Although biology and genetics play a huge part in the brain’s development, so do the environments in which kids grow up. In fact, the brain responds, adapts and shapes itself as a result of such stimuli, a behavior known as plasticity. In other words, the growth and development of the brain and its final physical structure are directly impacted by one’s experiences, both positive and negative. The more trauma children experience, the more neurological imbalances and anomalies they can experience, as well.
Research in the article “Understanding the Effects of Maltreatment on Brain Development” notes that “specific effects of maltreatment [on brain development] may depend on such factors as the age of the child at the time of the maltreatment, whether the maltreatment was a one-time incident or chronic, the identity of the abuser (e.g. parent or other adult), whether the child had a dependable nurturing individual in his or her life, the type and severity of the maltreatment, the intervention, how long the maltreatment lasted, and other individual and environmental characteristics.”
The specific parts of the brain that are affected by traumatic experiences are:
- Hippocampus, which is involved in the formation of new memories, learning and emotions
- Corpus callosum, which assists in communication
- Cerebellum, which coordinates motor behavior and executive functioning
- Prefrontal cortex, which governs behavior, cognitive functioning and reasoning
- Cortisol levels, which affects how individuals deal with stress, learning and socialization
Trauma affects each of these parts of the brain, which can lead to the following behaviors:
- Increased internalization of feelings and symptoms
- Lower levels of executive functioning, reducing the ability to control impulses
- Difficulty with social interactions
- Hyperarousal which triggers an immediate emotional response to stress
- Persistent fear response, impeding the ability to differentiate between danger and safety
Despite developing during childhood, these abnormalities follow children into adolescence and adulthood, increasing their risk for alcohol dependency.
Childhood Trauma’s Impact on Adults
As children and adolescents affected by trauma continue to develop, their habits, coping mechanisms and behavioral struggles follow them into adulthood. This changes the course of their lives as adults and helps shape how they respond to life experiences and difficulties.
Often, childhood trauma affects adult experiences including:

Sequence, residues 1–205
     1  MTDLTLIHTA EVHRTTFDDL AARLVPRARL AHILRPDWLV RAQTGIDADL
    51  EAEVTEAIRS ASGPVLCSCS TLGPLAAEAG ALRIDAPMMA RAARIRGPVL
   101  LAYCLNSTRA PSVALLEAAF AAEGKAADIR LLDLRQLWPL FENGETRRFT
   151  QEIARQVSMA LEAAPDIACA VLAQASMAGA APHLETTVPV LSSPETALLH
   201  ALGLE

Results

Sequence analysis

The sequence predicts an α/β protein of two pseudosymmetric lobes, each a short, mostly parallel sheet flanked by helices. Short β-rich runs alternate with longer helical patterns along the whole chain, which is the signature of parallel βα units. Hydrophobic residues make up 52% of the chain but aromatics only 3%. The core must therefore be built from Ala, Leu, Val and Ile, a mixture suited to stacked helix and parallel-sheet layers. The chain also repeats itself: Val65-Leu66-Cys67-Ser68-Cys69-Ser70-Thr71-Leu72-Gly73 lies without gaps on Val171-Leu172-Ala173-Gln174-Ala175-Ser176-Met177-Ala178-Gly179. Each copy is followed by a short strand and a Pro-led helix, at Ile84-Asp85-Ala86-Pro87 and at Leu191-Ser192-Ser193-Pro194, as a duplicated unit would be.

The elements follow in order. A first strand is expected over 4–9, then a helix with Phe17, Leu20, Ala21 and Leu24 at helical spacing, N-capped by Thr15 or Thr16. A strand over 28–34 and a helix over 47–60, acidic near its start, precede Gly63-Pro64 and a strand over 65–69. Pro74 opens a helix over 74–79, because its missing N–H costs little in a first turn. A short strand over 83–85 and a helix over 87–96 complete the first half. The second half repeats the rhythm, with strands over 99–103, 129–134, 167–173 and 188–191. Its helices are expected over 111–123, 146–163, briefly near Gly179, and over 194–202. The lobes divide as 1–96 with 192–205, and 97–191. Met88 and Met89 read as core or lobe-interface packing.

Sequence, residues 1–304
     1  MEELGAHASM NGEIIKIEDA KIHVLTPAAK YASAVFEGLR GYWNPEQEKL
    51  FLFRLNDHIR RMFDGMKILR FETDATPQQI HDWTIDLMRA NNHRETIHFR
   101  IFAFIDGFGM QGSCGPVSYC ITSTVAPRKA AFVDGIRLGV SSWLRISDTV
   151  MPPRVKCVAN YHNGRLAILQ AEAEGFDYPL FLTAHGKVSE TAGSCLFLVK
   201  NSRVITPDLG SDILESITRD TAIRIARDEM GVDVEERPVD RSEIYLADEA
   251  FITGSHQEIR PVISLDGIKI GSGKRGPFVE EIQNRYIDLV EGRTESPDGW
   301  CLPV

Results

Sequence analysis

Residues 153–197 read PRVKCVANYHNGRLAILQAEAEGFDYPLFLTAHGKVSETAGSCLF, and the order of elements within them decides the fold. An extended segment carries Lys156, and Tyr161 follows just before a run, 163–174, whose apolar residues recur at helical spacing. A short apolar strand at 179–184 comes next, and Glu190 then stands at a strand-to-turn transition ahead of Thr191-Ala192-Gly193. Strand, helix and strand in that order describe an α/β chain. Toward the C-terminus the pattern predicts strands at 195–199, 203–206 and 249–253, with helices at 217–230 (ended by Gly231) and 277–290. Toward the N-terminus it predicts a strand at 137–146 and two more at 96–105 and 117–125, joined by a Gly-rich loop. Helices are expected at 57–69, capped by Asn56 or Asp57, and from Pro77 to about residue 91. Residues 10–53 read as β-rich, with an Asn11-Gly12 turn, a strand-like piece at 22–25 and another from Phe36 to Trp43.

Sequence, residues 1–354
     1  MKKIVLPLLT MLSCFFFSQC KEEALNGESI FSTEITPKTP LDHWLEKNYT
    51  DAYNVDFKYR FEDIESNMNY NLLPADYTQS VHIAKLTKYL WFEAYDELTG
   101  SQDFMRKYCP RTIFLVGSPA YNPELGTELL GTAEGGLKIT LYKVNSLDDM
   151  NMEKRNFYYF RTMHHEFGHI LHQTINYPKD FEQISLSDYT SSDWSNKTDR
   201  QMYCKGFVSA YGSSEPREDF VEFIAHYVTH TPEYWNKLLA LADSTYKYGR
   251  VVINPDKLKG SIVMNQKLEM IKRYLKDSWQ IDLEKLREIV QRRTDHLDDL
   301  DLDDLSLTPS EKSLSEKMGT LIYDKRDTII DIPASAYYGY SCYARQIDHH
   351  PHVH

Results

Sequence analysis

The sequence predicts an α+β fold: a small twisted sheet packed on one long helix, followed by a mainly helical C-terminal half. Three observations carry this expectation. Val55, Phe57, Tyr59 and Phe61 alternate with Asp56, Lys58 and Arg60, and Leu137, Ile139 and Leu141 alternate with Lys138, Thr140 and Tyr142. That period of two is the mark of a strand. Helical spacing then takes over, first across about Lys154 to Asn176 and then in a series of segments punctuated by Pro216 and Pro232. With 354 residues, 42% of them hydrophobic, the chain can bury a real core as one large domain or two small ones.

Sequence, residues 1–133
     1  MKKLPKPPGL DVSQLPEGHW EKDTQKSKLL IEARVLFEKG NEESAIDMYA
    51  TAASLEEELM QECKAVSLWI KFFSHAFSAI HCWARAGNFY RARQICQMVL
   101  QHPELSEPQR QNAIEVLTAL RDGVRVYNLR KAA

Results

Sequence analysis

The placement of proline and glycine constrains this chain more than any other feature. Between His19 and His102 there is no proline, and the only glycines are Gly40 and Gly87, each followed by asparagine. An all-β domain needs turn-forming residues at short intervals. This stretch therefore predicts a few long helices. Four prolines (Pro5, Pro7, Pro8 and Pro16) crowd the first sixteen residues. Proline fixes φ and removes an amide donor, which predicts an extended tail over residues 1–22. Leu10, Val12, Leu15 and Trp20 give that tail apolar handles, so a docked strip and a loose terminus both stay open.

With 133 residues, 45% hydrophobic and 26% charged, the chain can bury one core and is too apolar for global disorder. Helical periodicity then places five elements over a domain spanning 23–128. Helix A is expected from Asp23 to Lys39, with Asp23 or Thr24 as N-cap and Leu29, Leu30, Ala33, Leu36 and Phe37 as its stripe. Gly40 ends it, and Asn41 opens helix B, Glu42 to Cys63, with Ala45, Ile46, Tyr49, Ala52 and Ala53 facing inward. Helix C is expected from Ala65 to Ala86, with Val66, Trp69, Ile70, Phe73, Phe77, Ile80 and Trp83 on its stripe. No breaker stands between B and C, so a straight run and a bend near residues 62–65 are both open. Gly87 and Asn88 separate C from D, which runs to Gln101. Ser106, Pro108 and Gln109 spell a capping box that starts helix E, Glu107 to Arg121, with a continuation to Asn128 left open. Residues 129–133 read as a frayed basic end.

- Social interactions (family, friends, relationships, professional environments)
- Mental health and logical reasoning (dealing with impulses, problems and issues)
- Emotional well-being (depression, anxiety, PTSD)
As a result of trauma, many adults turn to alcohol and other forms of substance abuse.
Putting It All Together
Simply put, childhood trauma affects both how the brain develops and how adults react to future stress and challenges.
As a result of both of these factors, adults who experienced childhood trauma are less likely to handle emotional stress through healthy behaviors, making it more likely they will seek out alcohol or other addictive substances as a coping mechanism.
“In other words,” psychologist Joseph Nowinski writes in Psychology Today, “the greater the childhood abuse or neglect, the more severe the adult drinking problem would be.” Studies have found that adults suffering from alcohol abuse frequently identify childhood emotional abuse as a driving factor in their addiction.
Minimizing the Damage
Although it is impossible to go back and prevent past trauma from occurring, family members, friends and communities can help adults minimize the effects of alcohol addiction by helping connect them to treatment and support.
Some of the best ways to do this are:
- Watch for signs of traumatic stress reactions (fear or anxiety)
- Provide early intervention if warning signs appear
- Ask questions and open up a dialogue (talk about what happened)
- Listen to their experiences
- Seek professional help from an addiction treatment provider
Remember that you and your loved ones are not alone. Our team at Solution Based Treatment & Detox is here to meet your needs. With trained professionals, years of experience and expertise, we are at your service. Give us a call today at 833.999.1941 if you or someone you know is struggling with alcohol abuse.